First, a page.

I needed to find out what type of Optic was installed into a switch, and if it read up correctly. In most vendors its “show interface transceivers” or some other command. I struggled to find Ruckus’s – so I thought I would share.
To find the media type of the port – just use the “Show media” command – so easy!
For instance, I need to find out what type SFP is on eth 1/2/8, and if it read correctly. Check out the below:
Then, if I just want to check what all ports are: “Show media” by itself. Notice ports 1/2/1 and 1/2/3 are my stack ports – and I have DACs (twinax) in these ports.
SNMPv3 should always be enabled if possible over v2.
First enable the SNMP agent and set the location/device name. Make sure to press apply down at the bottom of the page.
Next lets create the V3 user. You can do this by just clicking “Create New” Under the V3 options.
When you create the user you have options of Authentication algorithms, encryption, the IP of the monitoring host, and what they can monitor. Also, you can drop into CLI and change the source IP for traps.
Last part is now to enable SNMP on the interface you want to connect the monitor to. You only need to have SNMP enabled on the interface the monitor is connecting to, so just do a local LAN interface.
Make sure to click SNMP under the admin access of the interface, and click OK. Thanks it!
I have been working a lot with the Dell N-series over last few years, and now the N2248-ON which can run OS10 as well as the default OS6. We upgraded firmware to the latest 188.8.131.52 and all seemed to go well. Somehow it did not and hosed both primary/secondary firmware. The device was boot looping – the only option was to drop into ONIE Recovery and re-install the firmware. Here are the steps I used:
The ONIE recovery area runs a version of Linux. First check out your NIC to make sure it finds it:
Perfect! My laptop is 192.168.1.99 – and connected directly to the out of band MGMT port.
Next we will TFTP the file up. This file is located in the software archive you download from Dell – Its located in the “Otherfiles” folder. In this case the file name is onie-installer-x86_64-dellemc_n22xx_184.108.40.206. Next I put this on my TFTP server and we can start the install.
First lets turn off the ONIE-Discovery attempts with the onie-stop command.
I had an issue, well more of a specific formatting issue with Fortiauthenticator that I thought I would share. I have a client who is only use SMS with forticlient via fortiauth. The idea is that the user connects and authenticates to the SSL VPN, and then hits Fortiauth for token code that was sent to the client VIA SMS.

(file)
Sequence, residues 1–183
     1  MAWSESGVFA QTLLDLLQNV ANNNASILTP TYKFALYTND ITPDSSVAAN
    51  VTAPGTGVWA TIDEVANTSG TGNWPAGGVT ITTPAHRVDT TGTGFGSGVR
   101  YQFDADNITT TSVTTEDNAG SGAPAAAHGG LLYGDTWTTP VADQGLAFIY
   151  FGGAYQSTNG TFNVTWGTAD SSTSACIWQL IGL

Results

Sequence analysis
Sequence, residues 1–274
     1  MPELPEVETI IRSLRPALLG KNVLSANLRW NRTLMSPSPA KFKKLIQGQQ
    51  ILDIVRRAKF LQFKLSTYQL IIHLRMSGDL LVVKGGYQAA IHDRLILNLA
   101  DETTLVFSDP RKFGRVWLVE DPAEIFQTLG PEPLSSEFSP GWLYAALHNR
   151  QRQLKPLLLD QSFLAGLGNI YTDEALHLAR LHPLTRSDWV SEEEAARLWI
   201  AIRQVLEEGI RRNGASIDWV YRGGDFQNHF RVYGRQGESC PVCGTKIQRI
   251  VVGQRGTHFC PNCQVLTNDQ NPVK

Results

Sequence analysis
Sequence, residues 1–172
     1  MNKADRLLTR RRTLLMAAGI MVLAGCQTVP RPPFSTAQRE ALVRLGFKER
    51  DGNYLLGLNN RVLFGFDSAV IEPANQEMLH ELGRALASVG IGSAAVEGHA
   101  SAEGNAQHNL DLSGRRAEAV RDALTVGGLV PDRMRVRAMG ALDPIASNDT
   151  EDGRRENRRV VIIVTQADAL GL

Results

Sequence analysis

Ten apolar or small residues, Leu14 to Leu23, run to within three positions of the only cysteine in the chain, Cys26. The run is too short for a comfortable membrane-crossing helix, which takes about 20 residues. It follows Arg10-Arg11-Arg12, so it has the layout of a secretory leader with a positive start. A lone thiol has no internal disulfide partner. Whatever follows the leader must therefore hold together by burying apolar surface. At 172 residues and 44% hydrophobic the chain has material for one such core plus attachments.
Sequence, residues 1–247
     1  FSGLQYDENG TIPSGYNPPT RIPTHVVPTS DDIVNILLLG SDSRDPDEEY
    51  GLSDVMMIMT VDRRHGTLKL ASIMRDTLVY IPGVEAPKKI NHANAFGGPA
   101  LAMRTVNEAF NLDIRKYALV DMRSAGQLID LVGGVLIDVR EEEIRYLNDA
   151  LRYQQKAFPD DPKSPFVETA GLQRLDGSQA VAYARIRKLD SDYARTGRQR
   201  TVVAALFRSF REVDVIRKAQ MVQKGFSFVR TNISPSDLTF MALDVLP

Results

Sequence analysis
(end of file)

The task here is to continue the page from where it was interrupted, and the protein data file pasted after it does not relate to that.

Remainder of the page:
When using SMS with tokens, you have to have the users mobile number entered so it can send to them. Hard coding the users mobile number worked great, but for some reason I could not get the remote sync rule to pull in the mobile phone number. Below are the steps I used to fix this.
First in the remote sync rule under “LDAP User Mapping Attributes” modify the mobile data field with “mobile” all lower case.
Then make sure that in Active Directory the mobile number is entered under the users profile. the Auth says it wants the mobile phone number in a very specific format – +[international_number] – this threw me for a while. In the end the number in AD wasn’t the problem it was the mapping attribute. Below is how to inset the number into AD. Notice the number has +[country code]number. Thats it, after putting that in the remote sync rule worked fine.
I am more impressed with Fortiswitches every time I work with them. The ability to implement light NAC features, INTRAvlan firewall policies and overall management really gives these switches a feature set to checkout when deciding on new switches.
Below are the steps to quickly get the interface stats such as errors/packets, etc. The commands are ran on the Fortigate, which in this case is controlling the Fortiswitch.